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Assume I have a set $S=\{1,\ldots,n\}$ that is not necessarily indexed. Since sets are inherently unordered, I would like to make a sequence $a=(a_1,\ldots,a_n)$ of the elements in $S$ such that $a_1<\cdots<a_n$.

I guess I need to map the values somehow, but how to do it? Note that I write sequence here rather than tuple since all the elements in $S$ are integers, in case it makes any difference. Maybe there are other, better ways than the one proposed above.

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    $\begingroup$ This doesn't really make sense to me. Can you give a specific example of a set $S$ that you're interested in, e.g., $S=\{17,3,99\}$? Is it accurate to say that your question is "Given a finite list of integers, not necessarily in order, what is an algorithm for putting them in order?" $\endgroup$ – Zev Chonoles Sep 7 '16 at 20:54
  • $\begingroup$ Not enough information. What is $<$, as you don't really say what kind of elements $S$ has? $\endgroup$ – avs Sep 7 '16 at 20:59
  • $\begingroup$ The elements in the set are integers. $\endgroup$ – index Sep 7 '16 at 21:20
  • $\begingroup$ Are you asking about sorting algorithms? $\endgroup$ – ajotatxe Sep 7 '16 at 21:21
  • $\begingroup$ Are you looking for something like"We index the elements of $S$ in ascending order." or is this question about something else? $\endgroup$ – Arthur Sep 7 '16 at 21:24
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After looking at the comments, it seems to me that you're asking about sorting algorithms (Wikipedia), which are certainly a part of mathematics, in the area of theoretical computer science (there's a separate Stack Exchange site for it though; here's the list of questions on sorting).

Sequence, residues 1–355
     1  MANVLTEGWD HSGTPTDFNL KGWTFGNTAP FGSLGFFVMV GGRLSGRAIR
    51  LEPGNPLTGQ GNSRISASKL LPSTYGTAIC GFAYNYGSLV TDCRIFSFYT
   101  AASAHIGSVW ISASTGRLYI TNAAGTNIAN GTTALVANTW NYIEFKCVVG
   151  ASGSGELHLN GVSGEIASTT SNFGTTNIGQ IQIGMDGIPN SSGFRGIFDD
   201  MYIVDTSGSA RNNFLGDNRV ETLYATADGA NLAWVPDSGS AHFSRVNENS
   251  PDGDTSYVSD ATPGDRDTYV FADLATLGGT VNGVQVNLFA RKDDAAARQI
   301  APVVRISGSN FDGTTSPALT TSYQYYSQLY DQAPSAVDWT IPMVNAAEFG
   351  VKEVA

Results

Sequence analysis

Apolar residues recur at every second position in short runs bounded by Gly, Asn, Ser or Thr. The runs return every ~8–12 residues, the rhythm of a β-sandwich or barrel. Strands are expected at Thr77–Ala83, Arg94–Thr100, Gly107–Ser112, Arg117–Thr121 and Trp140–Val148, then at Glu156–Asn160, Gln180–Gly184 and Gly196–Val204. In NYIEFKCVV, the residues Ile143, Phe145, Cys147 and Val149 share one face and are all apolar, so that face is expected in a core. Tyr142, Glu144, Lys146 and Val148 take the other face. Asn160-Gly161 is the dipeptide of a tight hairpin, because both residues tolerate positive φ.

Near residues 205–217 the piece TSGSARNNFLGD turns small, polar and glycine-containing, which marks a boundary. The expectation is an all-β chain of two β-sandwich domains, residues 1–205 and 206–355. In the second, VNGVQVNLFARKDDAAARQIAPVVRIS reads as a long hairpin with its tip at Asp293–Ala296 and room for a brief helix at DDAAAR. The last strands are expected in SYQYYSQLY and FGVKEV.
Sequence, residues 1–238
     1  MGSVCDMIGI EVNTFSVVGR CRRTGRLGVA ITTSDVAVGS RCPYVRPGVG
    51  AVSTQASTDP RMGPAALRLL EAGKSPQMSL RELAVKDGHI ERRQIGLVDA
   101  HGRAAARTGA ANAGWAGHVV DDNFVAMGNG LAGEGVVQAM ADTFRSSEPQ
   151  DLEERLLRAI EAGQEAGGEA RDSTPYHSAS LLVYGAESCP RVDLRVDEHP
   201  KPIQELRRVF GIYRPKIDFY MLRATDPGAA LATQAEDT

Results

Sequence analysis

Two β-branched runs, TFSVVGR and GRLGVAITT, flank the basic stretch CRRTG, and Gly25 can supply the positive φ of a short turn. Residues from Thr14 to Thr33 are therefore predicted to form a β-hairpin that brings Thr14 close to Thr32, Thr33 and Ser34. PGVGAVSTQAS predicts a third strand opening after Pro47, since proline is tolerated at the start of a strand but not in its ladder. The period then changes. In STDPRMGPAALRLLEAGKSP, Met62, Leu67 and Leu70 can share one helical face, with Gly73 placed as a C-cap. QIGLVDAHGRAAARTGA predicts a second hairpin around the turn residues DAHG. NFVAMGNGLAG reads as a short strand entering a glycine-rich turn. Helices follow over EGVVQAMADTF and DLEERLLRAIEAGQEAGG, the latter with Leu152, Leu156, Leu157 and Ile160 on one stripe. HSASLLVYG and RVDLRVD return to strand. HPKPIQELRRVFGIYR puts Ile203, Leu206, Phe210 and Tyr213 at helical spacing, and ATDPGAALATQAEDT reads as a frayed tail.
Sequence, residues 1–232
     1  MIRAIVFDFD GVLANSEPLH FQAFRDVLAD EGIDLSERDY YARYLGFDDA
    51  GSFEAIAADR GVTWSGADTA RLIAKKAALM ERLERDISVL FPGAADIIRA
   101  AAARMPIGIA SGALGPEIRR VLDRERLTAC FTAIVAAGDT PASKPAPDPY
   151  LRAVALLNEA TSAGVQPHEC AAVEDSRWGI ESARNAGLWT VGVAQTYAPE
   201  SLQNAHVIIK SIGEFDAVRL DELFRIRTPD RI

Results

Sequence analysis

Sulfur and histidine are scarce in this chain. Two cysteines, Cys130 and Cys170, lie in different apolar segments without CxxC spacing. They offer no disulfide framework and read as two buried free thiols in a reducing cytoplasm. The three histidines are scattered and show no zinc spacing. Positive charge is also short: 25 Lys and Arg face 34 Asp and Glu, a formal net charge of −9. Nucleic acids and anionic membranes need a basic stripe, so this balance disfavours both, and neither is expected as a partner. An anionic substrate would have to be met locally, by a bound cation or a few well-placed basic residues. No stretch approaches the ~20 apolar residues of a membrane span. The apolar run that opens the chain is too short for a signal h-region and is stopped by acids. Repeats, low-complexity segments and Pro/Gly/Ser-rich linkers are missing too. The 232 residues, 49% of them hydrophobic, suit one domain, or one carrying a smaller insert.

Sorting algorithms are usually discussed in terms of asymptotic analysis (as the size of the list of things to be sorted grows, how does the amount of time it takes to sort grow), their efficiency in some aspect (e.g. if comparing two elements of the set will take a long time, you may want to choose an algorithm that makes few comparisons), or their suitability given assumptions about the data (e.g., whether the data will already be "mostly" sorted).

For a simple example of a sorting algorithm, look at selection sort (Wikipedia): given the set $S$,

  • Let $a_1=\min(S)$

  • Let $a_2 = \min(S\setminus\{a_1\})$

  • Let $a_3 = \min(S\setminus\{a_1,a_2\})$

  • ...

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  • $\begingroup$ This is a really nice way to formulate it, thanks. One question though: Is there a way to represent it as maybe some kind of sorting function or mapping $f:S→\{(a_1,…,a_n):a_1<⋯<a_n\}$? $\endgroup$ – index Sep 8 '16 at 9:54

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